Babylon and the Assyrian Fall

Mr. Healy discusses how Babylon remained a thorn in the side of the Assyrian Empire—at times defeating the city, at times not. But ultimately, it was the Babylonian Empire that took the place of the Assyrian one.

Concerning the fall of the Assyrian Empire, Mr. Healy explains that it remains somewhat of a mystery, as the empire appeared strong at the moment of its sudden fall. Mr. Healy presents several interesting possible causes, one being a sudden change in the climate. Nonetheless, maintaining such a vast empire was difficult and required the kings to often be away from their capital city to quell rebellions or to find new cities to conquer.

Gypsum wall panel relief of Tiglath-Pileser III. (Public Domain)
Gypsum wall panel relief of Tiglath-Pileser III. (Public Domain)

The author makes it clear that, although the ancient times were hardscrabble and violent, to say the least, the violence was not without reason. The invading and conquering were less about military prestige and more about economic ascendency. As the empire expanded, the economic demands increased, and it was newly conquered lands, found booty, and impressed slaves that provided the economic supply.

Of course, the driving force of the economy was the army. A strong army typically meant a strong economy, and, rightfully so, much of the tribute that was paid to Assyria was put toward the army (a rather crude form of supply-side economics).

The second half of the book focuses on the Assyrian army. Mr. Healy discusses the use of archers, spearmen, and slingers during conflicts. He explains what these soldiers wore and how they maneuvered (at the end of the book, he even provides the movements from several battles to demonstrate how they fought or how sieges were conducted).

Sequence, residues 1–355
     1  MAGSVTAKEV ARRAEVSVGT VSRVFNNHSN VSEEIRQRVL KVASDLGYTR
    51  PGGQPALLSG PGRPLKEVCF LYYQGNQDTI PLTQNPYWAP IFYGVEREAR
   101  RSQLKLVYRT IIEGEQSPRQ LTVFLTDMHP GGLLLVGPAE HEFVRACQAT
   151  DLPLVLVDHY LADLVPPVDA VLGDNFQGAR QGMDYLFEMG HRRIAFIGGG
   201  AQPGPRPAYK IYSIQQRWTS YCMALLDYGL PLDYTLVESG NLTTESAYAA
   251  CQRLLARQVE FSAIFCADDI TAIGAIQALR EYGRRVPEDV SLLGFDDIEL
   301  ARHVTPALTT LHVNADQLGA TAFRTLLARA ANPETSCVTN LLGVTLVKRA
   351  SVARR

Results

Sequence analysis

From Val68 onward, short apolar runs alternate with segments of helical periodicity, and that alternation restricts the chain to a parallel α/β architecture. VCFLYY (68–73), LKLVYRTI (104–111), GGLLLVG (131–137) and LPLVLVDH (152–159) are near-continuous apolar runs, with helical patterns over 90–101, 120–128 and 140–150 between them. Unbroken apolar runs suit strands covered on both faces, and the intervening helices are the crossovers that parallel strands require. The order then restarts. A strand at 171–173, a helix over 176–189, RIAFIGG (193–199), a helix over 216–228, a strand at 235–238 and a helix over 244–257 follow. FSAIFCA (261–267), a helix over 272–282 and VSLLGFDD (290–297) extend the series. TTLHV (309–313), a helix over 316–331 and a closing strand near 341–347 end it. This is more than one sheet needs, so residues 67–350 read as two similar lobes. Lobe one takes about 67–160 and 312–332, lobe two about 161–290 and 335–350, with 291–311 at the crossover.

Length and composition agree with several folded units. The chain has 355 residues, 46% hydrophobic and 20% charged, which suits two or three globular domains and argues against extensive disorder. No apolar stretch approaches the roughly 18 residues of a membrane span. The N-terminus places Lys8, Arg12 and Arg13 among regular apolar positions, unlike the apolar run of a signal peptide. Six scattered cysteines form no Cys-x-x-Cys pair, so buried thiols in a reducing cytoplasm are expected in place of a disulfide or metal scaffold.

But it was not just the mighty warrior that made this army so effective, but the use of horses. From Mr. Healy’s telling, the gathering of horses through conquest, tribute, or local breeding was essential to the success of the army and henceforth the vitality of the economy.

Glazed tile depicting a king and attendants, 9th century B.C. (Anthony Huan/CC BY-SA 2.0)
Glazed tile depicting a king and attendants, 9th century B.C. (Anthony Huan/CC BY-SA 2.0)

A Beautiful Work

“The Ancient Assyrians: Empire and Army, 883–612 BC” is full of images from archaeological discoveries, like the cuneiforms, reliefs, and weapons. Considering the longevity of the empire and the vast armies it possessed, combined with how relatively few artifacts have thus far been found, it is inferred that there is so much more to be discovered, which is exciting in its own right. There are also numerous illustrations of what soldiers looked like in uniform. The visual concepts are very helpful in understanding this ancient civilization, at least in dealing with its more brutal aspects of war.

It is a beautiful book that proved to be a fine guide through a multi-century early empire. And Mr. Healy’s writing and clear explanations make the content easy to digest and retain.

Cover of 'The Ancient Assyrians: Empire and Army, 883–612 BC' by Mark Healy. (Osprey Publishing)
Cover of 'The Ancient Assyrians: Empire and Army, 883–612 BC' by Mark Healy. (Osprey Publishing)
The Ancient Assyrians: Empire and Army, 883–612 BC By Mark Healy Osprey Publishing, Aug. 8, 2023 Hardcover: 320 pages
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Dustin Bass is an author and co-host of The Sons of History podcast. He also writes two weekly series for The Epoch Times: Profiles in History and This Week in History.